Two days ago, I took another look at my half-baked artificial swarm from 10 days ago.
00:00 – Talkin’ intro (2 mins).
02:25 – Old queen cups.
02:50 – Torn open swarm cell.
03:20 – Pulling frames.
04:00 – Close shots of bees on comb.
09:15 – Wax dust.
10:50 – Summary of artificial swarm.
12:15 – Funky comb.
12:50 – Festooning.
14:00 – A swarm cell or supersedure cell.
14:30 – Fresh brood and capped brood.
15:50 – Summary.
The half of the artificial swarm that didn’t have a queen but had loads of swarm cells and brood 10 days ago now has a whole bunch of torn open swarm cells, indicating that a queen has emerged. Hopefully she’ll be mated by next weekend. She will be a very late season queen, and honestly I’d rather not have to deal with this right now.
The half of the artificial swarm that was left with the original queen but no brood (starts around the 12-minute mark in the video) now has some fresh and capped brood. Which makes sense. The queen would have been within a day or two of swarming when I created the artificial swarm. The capped worker brood would have been eggs about 10 days ago, so the queen was still laying when I created my half-baked artificial swarm. The fresh brood I spotted — I didn’t look at it too closely but I could see royal jelly in the cells — tells me the queen was probably laying within the past few days.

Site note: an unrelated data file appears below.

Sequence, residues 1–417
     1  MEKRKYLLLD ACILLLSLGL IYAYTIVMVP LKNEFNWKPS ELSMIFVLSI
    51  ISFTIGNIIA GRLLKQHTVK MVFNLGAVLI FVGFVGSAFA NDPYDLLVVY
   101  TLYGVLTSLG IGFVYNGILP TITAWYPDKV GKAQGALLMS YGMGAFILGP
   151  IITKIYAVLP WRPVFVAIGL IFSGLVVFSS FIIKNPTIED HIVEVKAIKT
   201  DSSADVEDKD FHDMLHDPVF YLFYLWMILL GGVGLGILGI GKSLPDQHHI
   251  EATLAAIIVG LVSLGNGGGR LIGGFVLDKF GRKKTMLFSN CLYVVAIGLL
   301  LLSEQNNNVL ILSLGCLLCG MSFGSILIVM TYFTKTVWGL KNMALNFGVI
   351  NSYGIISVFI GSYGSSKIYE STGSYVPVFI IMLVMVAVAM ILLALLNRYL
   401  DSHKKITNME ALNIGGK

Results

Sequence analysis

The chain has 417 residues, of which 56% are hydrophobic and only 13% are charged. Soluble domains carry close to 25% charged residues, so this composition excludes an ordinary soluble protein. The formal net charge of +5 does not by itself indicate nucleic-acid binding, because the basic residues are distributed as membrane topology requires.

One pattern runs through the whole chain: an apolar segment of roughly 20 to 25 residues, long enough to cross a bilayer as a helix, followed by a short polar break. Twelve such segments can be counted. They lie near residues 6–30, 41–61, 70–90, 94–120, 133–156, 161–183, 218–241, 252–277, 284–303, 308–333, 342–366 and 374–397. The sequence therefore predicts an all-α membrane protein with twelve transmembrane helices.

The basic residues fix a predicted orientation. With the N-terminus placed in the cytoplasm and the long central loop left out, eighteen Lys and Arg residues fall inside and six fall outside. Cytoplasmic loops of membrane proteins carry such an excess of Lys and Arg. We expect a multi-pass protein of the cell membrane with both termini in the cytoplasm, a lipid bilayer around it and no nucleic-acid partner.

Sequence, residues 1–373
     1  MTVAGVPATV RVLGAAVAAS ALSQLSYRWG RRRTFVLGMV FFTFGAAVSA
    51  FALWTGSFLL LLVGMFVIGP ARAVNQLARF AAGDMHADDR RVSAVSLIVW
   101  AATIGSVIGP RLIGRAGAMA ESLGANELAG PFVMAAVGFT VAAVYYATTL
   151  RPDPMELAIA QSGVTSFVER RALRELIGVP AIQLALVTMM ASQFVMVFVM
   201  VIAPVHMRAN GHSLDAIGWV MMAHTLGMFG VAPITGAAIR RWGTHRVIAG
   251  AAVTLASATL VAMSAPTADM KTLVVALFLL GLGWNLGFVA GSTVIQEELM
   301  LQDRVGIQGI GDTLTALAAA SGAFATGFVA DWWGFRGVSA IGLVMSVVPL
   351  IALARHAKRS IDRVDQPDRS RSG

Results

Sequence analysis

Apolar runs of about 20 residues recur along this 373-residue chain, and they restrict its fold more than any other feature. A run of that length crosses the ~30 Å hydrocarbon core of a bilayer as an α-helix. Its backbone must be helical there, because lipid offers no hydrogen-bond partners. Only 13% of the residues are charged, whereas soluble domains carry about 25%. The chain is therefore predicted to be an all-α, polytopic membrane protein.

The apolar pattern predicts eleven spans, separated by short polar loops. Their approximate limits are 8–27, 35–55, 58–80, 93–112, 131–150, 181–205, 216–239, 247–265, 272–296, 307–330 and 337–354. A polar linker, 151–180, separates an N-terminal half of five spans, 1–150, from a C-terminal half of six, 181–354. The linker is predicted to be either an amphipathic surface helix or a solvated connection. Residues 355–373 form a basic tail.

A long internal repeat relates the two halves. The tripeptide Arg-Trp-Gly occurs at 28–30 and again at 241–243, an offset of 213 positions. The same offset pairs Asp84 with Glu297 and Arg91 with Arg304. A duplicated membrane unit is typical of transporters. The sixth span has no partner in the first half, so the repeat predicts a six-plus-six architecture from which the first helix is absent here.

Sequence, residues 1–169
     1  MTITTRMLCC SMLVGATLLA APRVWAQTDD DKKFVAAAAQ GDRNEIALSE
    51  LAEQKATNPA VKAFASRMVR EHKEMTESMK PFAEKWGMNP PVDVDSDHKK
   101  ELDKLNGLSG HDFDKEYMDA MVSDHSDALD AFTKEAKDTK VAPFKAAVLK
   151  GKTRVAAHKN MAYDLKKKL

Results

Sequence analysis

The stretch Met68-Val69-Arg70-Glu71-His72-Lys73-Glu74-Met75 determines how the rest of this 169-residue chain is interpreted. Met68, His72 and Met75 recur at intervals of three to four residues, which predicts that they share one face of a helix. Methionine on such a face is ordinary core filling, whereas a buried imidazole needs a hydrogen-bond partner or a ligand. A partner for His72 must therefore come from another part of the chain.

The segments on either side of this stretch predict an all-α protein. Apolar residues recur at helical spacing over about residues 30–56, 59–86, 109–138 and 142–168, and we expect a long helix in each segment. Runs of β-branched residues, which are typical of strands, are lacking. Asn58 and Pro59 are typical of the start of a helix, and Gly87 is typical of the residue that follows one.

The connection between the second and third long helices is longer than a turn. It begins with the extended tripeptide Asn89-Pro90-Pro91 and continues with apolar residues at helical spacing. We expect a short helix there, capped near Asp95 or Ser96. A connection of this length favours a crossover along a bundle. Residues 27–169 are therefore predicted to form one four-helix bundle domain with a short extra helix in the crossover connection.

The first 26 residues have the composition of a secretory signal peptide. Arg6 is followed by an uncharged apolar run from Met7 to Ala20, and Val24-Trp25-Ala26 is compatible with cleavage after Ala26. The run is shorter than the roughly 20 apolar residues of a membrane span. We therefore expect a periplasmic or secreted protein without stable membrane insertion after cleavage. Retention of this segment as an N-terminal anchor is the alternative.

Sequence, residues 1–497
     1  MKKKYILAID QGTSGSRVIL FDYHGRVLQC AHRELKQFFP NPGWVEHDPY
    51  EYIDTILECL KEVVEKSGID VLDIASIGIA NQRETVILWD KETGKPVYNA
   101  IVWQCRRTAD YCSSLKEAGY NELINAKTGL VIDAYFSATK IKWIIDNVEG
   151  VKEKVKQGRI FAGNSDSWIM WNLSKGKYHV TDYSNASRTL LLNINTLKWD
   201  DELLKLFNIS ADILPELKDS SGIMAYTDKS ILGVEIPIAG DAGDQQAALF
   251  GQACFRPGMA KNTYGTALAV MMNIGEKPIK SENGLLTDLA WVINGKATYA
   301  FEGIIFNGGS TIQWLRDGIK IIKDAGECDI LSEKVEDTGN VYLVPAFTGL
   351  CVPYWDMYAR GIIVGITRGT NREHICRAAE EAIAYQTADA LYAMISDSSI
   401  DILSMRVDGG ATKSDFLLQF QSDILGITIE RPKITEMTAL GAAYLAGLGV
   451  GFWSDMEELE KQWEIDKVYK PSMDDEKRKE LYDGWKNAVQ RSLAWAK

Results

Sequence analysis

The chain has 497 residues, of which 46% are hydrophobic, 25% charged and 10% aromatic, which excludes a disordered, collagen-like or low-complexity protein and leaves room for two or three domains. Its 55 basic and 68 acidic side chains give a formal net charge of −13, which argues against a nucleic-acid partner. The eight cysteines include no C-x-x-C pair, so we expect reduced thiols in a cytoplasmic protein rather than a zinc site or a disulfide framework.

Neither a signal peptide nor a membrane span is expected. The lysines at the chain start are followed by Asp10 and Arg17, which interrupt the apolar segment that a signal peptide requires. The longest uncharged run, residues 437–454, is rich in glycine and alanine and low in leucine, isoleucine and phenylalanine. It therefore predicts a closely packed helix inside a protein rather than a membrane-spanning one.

So it looks good except for the single uncapped swarm cell, possibly supersedure cell, that I found. I destroyed the cell because whether it’s a swarm cell or a supersedure cell, I can’t wait another month for a new queen to develop, mate and then maybe turn into a viable queen. I’m not rolling that dice this late in the year. By destroying the queen cell, I may have made the colony queenless, but I’d rather deal with that than a late-season queen that may or may not mate well. If it comes to it, I’ll combine the possibly queenless colony with another colony that could use a boost going into winter.
Phew. Done. See you next weekend.